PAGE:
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Experiential Learning Student Advisory Board

Student alumni board group photo

The Experiential Learning Student Advisory Board is comprised of 16 members and has representation from all OHIO colleges, regional campuses, and OHIO Online. Board members shape the work of OHIO’s Experiential Learning team by providing feedback from diverse perspectives about student needs, preferences, and hopes for experiential education. Student experiences and feedback are regularly shared with university partners such as the Center for Campus and Community Engagement, Research and Sponsored Programs, Creative Activity and the Ohio Valley Center for Collaborative Arts, Office of Global Opportunities, and others.  

Members meet monthly as a group and actively participate in projects throughout their appointment. One academic year of service on the advisory board is expected with the opportunity for renewal.    

For information about joining the Experiential Learning Student Advisory Board, or to suggest a project, please contact experiential.learning@ohio.edu

 

Sydney Kennedy

Sydney Kennedy

Preferred Pronouns: She / Her / Hers 

Degree: Bachelor of Human and Consumer Sciences; Restaurant, Hotel, and Tourism 

Interests: Understanding foodways in our communities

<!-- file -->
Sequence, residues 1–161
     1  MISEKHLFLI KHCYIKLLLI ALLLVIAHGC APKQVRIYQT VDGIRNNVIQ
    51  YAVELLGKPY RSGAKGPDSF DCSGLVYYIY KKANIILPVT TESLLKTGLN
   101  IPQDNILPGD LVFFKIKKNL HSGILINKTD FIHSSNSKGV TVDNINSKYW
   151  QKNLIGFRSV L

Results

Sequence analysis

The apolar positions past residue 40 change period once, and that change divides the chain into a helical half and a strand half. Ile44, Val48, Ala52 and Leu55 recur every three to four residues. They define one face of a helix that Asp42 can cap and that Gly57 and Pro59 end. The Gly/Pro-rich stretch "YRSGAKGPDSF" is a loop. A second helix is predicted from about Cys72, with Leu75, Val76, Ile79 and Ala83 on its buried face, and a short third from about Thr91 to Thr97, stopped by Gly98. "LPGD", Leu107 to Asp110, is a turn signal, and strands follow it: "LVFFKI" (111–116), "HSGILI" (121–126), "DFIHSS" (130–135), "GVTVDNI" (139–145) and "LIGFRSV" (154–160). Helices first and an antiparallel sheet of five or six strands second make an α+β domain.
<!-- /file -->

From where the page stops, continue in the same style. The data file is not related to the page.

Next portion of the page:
Graduating Year: May 2022 

Involvement:

Internship Experience- Food and Beverage Internship, The Westmoor Club-Nantucket, MA 

Community Involvement- Indivisible Appalachian Ohio (IAO) - a non-profit (501(c)4) dedicated to serving our communities and advocating for Appalachian Ohioans to our elected officials 

Campus Involvement- Member, Phi Upsilon Omicron-Fraternity for Human and Consumer Sciences; President, Food Matters Club; Secretary, Club Management Association of America; Member, M.I.C.E. Club (Meetings, Incentives, Conferences, and Events) Member, Indivisible Appalachian Ohio University- Student Chapter of IAO 

Why is experiential learning important to you?

Experiential learning is important because it allows you to form meaningful connections to the people around you, helping you to better understand someone else’s passions, lifestyle, and culture. I strongly believe that you grow as a person, and as a professional, when you engage in this type of learning. Allowing you to take that extra step of applying your learning from the classroom. Not only that, but experiential learning gives you the chance to learn from peers, colleagues, and professionals from your field, offering different thought processes and perspectives than you might have considered on your own.  

How has experiential learning impacted your learning and experience at OHIO?

One thing I have come to realize about experiential learning is that not every experience is going to be a great one. Sometimes they’re amazing and life changing, but sometimes they are the opposite. But one thing is for sure, you can learn something from every opportunity and therefore I have no regrets. 

Tell us a story about one of your experiences that you feel demonstrates the power of experiential learning in a real-world context.